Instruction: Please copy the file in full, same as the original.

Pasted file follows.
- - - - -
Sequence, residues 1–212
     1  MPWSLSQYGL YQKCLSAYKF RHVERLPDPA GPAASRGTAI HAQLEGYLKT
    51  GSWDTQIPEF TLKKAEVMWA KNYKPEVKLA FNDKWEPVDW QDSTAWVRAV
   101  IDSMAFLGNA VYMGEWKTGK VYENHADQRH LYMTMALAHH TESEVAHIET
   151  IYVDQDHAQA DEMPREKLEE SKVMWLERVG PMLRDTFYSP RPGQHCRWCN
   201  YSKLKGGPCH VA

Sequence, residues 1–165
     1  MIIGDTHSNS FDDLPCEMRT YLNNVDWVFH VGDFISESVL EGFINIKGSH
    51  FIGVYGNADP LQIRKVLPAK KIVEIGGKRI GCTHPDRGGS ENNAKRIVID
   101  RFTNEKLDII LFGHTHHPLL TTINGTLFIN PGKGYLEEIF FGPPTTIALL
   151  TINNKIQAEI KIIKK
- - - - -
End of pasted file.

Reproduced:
Sequence, residues 1–212
     1  MPWSLSQYGL YQKCLSAYKF RHVERLPDPA GPAASRGTAI HAQLEGYLKT
    51  GSWDTQIPEF TLKKAEVMWA KNYKPEVKLA FNDKWEPVDW QDSTAWVRAV
   101  IDSMAFLGNA VYMGEWKTGK VYENHADQRH LYMTMALAHH TESEVAHIET
   151  IYVDQDHAQA DEMPREKLEE SKVMWLERVG PMLRDTFYSP RPGQHCRWCN
   201  YSKLKGGPCH VA

Sequence, residues 1–165
     1  MIIGDTHSNS FDDLPCEMRT YLNNVDWVFH VGDFISESVL EGFINIKGSH
    51  FIGVYGNADP LQIRKVLPAK KIVEIGGKRI GCTHPDRGGS ENNAKRIVID
   101  RFTNEKLDII LFGHTHHPLL TTINGTLFIN PGKGYLEEIF FGPPTTIALL
   151  TINNKIQAEI KIIKK